It didn’t end up being like that. I would say the pandemic, in many ways, forced us to take a harder look at what we do and adapt to the change that the pandemic bestowed upon us.

At the very least, it has given businesses a reason to become leaner. In our experience, we had the opportunity to cut a lot of costs. Luckily, our leases came up halfway through the pandemic and we cut our office space in half, and half of the people are working from home.

I think if we can make it through this, I don’t think there’s a whole lot we can’t make it through as a business. As long as you’re willing to adapt, you are going to be just fine.

Do you think we will ever go back to needing the same amount of office space?

I was actually talking to a friend of mine and he works for a hedge fund. His specialty is real estate. He told me in the office space world, he would break it up into two categories. There are the brand new projects, like Midtown and Water Street, he said he thinks those will do phenomenal because people will pay that premium to fit whatever it has, especially post-pandemic, into that sort of real estate. Those places are going to do good.

Some of the other places will have to reinvent themselves to compete with that. I think that’s when, as some of these leases come up in one year, two years or three years, you’re going to have companies realizing that they don’t need the kind of space that they used to.

How do those spaces reinvent themselves to fit into what we call the “new normal?”

I don’t know what the answers are. I’m not in the commercial real estate business but I think that it will be very segmented. That some stuff is going to do amazing and other stuff is going to have to figure out what’s their new purpose.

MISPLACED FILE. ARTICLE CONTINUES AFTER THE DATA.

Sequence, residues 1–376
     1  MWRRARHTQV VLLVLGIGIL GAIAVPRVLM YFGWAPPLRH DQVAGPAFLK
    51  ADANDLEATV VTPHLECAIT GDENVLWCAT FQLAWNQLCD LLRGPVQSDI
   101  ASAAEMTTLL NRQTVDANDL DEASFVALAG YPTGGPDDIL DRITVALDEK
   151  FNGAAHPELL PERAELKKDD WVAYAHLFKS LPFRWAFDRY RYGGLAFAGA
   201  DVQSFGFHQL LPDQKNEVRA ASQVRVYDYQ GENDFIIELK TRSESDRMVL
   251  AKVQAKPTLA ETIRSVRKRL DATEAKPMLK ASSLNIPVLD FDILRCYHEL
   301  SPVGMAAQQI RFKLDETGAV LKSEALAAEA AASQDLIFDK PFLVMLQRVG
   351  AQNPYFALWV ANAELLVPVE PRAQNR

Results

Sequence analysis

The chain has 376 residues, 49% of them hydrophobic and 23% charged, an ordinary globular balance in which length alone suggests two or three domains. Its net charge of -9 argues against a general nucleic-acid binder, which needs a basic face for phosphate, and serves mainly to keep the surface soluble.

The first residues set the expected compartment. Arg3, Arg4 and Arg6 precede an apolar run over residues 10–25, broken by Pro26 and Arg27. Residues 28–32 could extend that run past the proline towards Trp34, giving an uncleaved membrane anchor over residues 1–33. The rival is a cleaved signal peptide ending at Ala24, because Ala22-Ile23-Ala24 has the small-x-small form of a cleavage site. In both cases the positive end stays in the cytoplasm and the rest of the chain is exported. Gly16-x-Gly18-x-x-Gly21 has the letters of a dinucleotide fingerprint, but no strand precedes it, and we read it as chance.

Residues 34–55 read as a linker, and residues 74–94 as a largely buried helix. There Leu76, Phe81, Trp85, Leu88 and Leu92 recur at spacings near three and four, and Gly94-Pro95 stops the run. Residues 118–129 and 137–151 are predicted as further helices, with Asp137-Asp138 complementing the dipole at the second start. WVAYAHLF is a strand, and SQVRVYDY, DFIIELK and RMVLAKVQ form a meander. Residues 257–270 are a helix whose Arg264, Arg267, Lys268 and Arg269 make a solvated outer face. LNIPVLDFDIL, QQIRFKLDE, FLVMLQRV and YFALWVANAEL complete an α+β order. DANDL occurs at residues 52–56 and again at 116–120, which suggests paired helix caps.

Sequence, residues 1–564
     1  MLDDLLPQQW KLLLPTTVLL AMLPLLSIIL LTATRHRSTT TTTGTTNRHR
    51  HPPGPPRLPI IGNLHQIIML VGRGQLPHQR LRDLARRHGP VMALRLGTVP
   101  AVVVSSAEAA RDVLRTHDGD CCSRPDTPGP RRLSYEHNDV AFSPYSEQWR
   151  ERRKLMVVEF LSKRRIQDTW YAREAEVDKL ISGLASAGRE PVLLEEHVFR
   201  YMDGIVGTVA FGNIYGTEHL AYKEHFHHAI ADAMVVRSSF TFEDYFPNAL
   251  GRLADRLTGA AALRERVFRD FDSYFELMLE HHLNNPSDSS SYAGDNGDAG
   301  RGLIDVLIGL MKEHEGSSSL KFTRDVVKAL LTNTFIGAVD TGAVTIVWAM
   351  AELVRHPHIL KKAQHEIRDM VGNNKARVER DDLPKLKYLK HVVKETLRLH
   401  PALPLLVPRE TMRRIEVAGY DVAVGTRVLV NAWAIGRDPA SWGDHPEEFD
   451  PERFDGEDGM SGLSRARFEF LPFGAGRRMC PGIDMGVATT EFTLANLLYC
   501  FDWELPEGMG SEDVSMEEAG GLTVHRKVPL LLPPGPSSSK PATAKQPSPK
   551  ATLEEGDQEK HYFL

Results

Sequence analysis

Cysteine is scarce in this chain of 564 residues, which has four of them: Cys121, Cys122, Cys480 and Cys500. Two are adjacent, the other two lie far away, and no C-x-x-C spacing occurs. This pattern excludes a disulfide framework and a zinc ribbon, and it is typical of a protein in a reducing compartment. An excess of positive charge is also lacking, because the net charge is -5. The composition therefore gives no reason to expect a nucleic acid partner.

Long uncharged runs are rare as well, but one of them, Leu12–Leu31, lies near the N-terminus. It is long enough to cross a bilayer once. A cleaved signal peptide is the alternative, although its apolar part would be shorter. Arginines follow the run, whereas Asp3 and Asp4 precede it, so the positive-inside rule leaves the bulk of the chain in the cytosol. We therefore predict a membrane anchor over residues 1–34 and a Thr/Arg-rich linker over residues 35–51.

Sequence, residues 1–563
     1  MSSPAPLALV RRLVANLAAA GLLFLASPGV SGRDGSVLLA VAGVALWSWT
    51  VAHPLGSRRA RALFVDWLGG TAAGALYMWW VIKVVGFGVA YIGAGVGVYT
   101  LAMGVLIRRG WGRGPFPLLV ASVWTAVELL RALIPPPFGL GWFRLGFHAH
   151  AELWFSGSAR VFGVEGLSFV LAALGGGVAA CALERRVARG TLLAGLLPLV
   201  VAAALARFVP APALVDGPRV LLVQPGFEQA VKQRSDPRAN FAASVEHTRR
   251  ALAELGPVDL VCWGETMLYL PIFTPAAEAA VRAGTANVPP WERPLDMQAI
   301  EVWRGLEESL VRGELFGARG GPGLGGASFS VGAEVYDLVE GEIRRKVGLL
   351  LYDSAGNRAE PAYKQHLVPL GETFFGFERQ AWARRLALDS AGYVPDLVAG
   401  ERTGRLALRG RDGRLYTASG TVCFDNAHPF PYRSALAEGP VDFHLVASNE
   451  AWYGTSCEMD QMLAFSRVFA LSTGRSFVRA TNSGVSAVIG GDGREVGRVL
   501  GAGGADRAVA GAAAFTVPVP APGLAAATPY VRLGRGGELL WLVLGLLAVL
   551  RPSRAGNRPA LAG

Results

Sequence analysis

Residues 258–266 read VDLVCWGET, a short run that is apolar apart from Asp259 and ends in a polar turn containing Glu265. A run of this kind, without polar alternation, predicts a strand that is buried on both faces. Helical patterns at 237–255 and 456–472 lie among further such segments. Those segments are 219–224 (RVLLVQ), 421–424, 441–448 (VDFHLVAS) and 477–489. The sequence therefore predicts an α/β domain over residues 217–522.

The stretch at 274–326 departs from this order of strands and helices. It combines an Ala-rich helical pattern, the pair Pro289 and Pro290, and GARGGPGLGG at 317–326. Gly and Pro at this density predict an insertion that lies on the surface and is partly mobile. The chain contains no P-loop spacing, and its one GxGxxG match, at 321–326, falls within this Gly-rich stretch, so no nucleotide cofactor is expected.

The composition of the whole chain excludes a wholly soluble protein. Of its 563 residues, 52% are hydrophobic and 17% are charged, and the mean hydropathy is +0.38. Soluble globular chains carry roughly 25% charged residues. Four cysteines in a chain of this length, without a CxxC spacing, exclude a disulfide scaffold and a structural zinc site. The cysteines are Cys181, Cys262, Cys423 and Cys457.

If a mall that was built in the 1980s can figure it out, office space can figure it out.

What motivates you? What keeps you going? What keeps you wanting to start another business?

At the core, what gets me up and out of the bed every day, and really excited, is solving problems. My whole business career has been one of solving problems, and finding solutions, that other people may not think about.

What I’m really excited about is now I get to do that for other businesses. That’s something that’s brand new to me. I’ve always done it for myself.

I want to give you the opportunity to talk about Send It By Text.

People are tone-deaf to voicemail and email, even answering the phone. Especially the younger generation. Send It By Text was born out of the need to actually have communication with people and get the message across in a convenient fashion.

You’ve been through a lot of recessions and you were pretty inspiring in the interview. Would you talk about that?

We have not really seen a recession [currently] yet. We’ve seen a difference in the way we work. Inevitably, the economy is going to go up and it’s going to go down. That really doesn’t matter. At the end of the day what matters is providing value.